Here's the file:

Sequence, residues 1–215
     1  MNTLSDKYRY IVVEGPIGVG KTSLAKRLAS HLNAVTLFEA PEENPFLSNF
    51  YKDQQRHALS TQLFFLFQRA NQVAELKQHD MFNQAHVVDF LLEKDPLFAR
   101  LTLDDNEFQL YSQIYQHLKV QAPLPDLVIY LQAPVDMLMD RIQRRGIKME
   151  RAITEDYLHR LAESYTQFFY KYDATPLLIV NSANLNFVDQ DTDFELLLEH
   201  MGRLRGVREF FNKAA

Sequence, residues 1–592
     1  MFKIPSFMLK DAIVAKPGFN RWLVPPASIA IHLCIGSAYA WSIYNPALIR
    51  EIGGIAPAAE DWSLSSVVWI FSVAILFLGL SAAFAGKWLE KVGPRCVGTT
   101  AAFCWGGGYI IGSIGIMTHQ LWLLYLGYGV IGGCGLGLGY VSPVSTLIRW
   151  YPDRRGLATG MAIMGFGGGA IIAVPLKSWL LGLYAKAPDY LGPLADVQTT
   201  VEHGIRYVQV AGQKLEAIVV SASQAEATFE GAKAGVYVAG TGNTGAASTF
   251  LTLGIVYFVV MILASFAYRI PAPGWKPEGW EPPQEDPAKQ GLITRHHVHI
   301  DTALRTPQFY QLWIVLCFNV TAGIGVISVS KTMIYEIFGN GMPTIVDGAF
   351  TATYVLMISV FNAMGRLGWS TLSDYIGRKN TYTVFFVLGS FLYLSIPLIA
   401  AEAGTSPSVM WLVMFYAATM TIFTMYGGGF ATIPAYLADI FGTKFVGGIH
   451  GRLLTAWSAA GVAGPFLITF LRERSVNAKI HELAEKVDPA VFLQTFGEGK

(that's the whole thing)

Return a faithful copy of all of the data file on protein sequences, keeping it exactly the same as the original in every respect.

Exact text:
Sequence, residues 1–215
     1  MNTLSDKYRY IVVEGPIGVG KTSLAKRLAS HLNAVTLFEA PEENPFLSNF
    51  YKDQQRHALS TQLFFLFQRA NQVAELKQHD MFNQAHVVDF LLEKDPLFAR
   101  LTLDDNEFQL YSQIYQHLKV QAPLPDLVIY LQAPVDMLMD RIQRRGIKME
   151  RAITEDYLHR LAESYTQFFY KYDATPLLIV NSANLNFVDQ DTDFELLLEH
   201  MGRLRGVREF FNKAA

Sequence, residues 1–592
     1  MFKIPSFMLK DAIVAKPGFN RWLVPPASIA IHLCIGSAYA WSIYNPALIR
    51  EIGGIAPAAE DWSLSSVVWI FSVAILFLGL SAAFAGKWLE KVGPRCVGTT
   101  AAFCWGGGYI IGSIGIMTHQ LWLLYLGYGV IGGCGLGLGY VSPVSTLIRW
   151  YPDRRGLATG MAIMGFGGGA IIAVPLKSWL LGLYAKAPDY LGPLADVQTT
   201  VEHGIRYVQV AGQKLEAIVV SASQAEATFE GAKAGVYVAG TGNTGAASTF
   251  LTLGIVYFVV MILASFAYRI PAPGWKPEGW EPPQEDPAKQ GLITRHHVHI
   301  DTALRTPQFY QLWIVLCFNV TAGIGVISVS KTMIYEIFGN GMPTIVDGAF
   351  TATYVLMISV FNAMGRLGWS TLSDYIGRKN TYTVFFVLGS FLYLSIPLIA
   401  AEAGTSPSVM WLVMFYAATM TIFTMYGGGF ATIPAYLADI FGTKFVGGIH
   451  GRLLTAWSAA GVAGPFLITF LRERSVNAKI HELAEKVDPA VFLQTFGEGK